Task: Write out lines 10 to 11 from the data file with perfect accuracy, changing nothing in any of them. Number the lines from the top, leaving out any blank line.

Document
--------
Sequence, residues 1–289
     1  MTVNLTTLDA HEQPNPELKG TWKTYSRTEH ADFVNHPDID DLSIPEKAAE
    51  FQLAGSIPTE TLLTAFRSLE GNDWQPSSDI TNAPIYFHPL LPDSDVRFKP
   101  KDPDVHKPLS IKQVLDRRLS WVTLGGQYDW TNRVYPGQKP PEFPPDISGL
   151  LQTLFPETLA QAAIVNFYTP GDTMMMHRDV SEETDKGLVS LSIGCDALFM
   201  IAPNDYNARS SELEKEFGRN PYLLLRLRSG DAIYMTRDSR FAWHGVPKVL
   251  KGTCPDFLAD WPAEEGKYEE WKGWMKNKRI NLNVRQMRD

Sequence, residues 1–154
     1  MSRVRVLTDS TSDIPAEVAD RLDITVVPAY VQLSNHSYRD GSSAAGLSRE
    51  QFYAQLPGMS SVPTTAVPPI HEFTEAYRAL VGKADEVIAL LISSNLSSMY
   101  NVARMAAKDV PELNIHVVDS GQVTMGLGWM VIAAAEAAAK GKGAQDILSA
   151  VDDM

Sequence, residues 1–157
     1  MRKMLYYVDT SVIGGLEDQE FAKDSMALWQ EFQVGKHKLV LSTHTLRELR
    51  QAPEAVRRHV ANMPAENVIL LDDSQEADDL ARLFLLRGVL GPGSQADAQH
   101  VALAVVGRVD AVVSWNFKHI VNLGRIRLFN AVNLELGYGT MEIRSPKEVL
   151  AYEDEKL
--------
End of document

    51  QFYAQLPGMS SVPTTAVPPI HEFTEAYRAL VGKADEVIAL LISSNLSSMY
   101  NVARMAAKDV PELNIHVVDS GQVTMGLGWM VIAAAEAAAK GKGAQDILSA